———-
        And this just in: I went to my mailbox and here, just the week before election day, found my first-ever sample issue of the Epoch Times, which is published by yet another Asian cult, the Falun Gong, that supports Trump and a quiver of European fascist regimes.

        What a coincidence, huh?

        But “International Patriotism” remains a concept that I just can’t get my head around.

        • Andy B. says:

          “Falun Gong, that supports Trump and a quiver of European fascist regimes.”

          Here’s the Falun Gong Logo.

          So, so many coincidences! But I’m sure this don’t mean nuthin’.

          • Richard says:

            I assume you know that the swastika as a symbol long (since neo-Lithic times) predates the National Socialists and was found widely in Asia (as well as among American Indians).

            • Andy B. says:

              Yeah, I know the rap. And as I said, what interests me the most is the convergence of “coincidences”.

              But regarding the swastika, I would submit it got brand-stamped as what we see it as, with the advent of the Holocaust. I know for a fact that even Siberian indigenous peoples now see it as what the Nazis branded it to be. So, Asians sophisticated enough to found a cult knew what they were adopting, and intended it to be seen as such — in my opinion. They knew who they found common ground with.

              • 399 says:

                “what interests me the most is the convergence of “coincidences”.”

                Someone once said “Coincidences require a lot of planning.”

              • Richard says:

                The National Socialists culturally appropriated an ancient Asian religious symbol and now that makes Asians suspect when they use their own symbol? That is really sick leftist crap.

                • Andy B. says:

                  “That is really sick leftist crap.”

                  No, it is practical reality. Lots of historical symbols have been expropriated and used for “branding” something else throughout the ages.

                  The Confederate Battle Flag may be a good contemporary example. The Ku Klux Klan expropriated a “cultural” symbol for their own sick bullshit, and whatever its cultural meaning once was, changed its symbology to something else. If I were choosing a symbol to express a group’s philosophy today, I would not choose the Confederate Battle Flag, unless I was choosing to express sympathy with the Klan, who successfully expropriated it.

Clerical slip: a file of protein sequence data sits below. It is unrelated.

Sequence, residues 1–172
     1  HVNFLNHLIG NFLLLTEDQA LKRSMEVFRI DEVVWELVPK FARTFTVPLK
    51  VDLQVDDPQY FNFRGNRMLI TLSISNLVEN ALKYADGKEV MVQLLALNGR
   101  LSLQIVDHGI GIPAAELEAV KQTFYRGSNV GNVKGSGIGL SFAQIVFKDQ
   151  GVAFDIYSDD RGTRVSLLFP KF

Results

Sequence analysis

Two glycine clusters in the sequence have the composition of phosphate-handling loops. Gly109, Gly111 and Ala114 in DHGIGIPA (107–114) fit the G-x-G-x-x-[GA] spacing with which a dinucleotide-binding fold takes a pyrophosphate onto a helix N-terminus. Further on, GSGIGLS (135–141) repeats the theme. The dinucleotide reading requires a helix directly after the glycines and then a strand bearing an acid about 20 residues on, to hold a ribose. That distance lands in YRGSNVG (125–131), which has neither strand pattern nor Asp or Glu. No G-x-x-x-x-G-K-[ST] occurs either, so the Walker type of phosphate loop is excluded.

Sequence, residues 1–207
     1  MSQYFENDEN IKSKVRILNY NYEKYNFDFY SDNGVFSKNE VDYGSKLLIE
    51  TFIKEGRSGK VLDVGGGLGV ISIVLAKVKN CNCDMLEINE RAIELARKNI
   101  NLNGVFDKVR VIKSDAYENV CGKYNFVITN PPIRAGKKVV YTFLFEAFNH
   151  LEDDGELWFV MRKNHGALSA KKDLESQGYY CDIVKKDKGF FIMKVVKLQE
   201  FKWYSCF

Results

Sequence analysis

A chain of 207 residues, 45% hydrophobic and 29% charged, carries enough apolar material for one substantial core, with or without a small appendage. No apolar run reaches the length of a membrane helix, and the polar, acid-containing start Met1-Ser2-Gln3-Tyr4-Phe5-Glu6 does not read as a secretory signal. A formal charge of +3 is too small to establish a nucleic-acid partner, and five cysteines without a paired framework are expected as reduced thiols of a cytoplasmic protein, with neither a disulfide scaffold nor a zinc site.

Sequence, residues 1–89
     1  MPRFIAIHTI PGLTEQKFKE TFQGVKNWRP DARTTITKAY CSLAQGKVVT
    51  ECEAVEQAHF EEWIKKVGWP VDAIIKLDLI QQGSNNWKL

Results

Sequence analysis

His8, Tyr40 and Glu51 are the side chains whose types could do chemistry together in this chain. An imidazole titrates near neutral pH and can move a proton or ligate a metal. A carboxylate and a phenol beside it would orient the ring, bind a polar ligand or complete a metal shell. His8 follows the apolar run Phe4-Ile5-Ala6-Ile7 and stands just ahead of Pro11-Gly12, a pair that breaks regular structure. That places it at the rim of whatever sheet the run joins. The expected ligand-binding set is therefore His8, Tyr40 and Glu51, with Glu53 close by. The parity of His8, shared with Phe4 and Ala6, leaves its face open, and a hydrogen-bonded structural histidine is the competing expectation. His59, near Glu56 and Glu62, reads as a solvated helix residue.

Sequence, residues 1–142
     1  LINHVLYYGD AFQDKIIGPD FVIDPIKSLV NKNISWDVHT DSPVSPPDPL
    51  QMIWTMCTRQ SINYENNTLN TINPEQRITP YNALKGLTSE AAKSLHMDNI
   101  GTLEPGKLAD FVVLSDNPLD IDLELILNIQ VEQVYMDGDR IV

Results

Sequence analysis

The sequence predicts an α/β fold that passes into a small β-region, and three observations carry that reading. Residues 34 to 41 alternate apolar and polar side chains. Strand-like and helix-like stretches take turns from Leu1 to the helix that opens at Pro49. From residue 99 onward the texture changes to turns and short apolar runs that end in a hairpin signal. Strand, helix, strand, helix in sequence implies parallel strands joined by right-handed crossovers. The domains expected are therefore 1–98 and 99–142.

I don’t want to abuse the word, but that is just “reality,” sad though reality may be. Whining about it is like whining that language evolves, and words don’t have the connotations they once did.

                  • Richard says:

                    Leftist always have more demand for Nazis than there is supply thus they have to create them. It is despicable to deny Asians the right to use symbols they invented.

                  • Andy B. says:

                    “Leftist always have more demand for Nazis than there is supply thus they have to create them.”

                    And so everyone who calls a Nazi by the right name is a leftist, I gather?

                    To put my two cited examples of expropriated symbols together, I suppose in all those crowds where the Confederate Battle Flag was flown right next to the swastika, it was because all those traditionalist Confederate Heritage fans thought the swastikas were a symbol of ancient Asian culture, or maybe of American Indians? Is the German ban of the swastika an insult to Asians or American Indians?

                    There is a point where your stretches to find “leftists” behind every tree insult everyone’s intelligence. Even Joe McCarthy ran out of rope with that shtick, eventually. Unless a swastika is part of a motif created before about 1930, it is a dog/steam whistle alluding to the German Nazis and what they stood for. Denial is not even plausible.